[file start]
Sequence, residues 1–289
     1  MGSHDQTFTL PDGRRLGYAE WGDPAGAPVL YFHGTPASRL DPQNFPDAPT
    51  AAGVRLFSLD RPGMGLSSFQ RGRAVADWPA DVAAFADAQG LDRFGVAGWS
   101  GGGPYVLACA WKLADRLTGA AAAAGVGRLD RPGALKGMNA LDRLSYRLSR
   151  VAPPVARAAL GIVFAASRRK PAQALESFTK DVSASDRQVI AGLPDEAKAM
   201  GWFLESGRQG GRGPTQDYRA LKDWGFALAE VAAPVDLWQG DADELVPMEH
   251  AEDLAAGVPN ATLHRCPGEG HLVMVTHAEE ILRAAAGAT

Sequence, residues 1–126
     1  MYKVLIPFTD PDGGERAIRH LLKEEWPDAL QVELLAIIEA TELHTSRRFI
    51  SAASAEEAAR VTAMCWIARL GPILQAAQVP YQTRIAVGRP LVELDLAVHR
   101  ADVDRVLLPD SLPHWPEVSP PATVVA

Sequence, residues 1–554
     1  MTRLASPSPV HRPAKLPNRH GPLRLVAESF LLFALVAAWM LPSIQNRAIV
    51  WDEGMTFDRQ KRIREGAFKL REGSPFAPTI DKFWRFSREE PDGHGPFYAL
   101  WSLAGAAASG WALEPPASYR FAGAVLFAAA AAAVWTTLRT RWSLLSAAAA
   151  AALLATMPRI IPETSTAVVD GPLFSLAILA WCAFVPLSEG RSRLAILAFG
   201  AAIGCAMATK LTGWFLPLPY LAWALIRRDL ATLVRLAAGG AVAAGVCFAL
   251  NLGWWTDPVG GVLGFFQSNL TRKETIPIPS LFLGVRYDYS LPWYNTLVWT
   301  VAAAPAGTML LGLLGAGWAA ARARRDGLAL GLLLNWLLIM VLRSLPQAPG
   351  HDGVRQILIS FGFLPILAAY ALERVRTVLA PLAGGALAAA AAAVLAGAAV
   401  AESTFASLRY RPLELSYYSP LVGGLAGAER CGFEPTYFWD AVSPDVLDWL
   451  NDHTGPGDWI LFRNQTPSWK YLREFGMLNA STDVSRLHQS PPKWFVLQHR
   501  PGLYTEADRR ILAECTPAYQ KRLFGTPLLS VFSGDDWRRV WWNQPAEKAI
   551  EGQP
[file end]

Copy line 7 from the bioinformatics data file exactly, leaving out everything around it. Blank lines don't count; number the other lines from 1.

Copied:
   251  AEDLAAGVPN ATLHRCPGEG HLVMVTHAEE ILRAAAGAT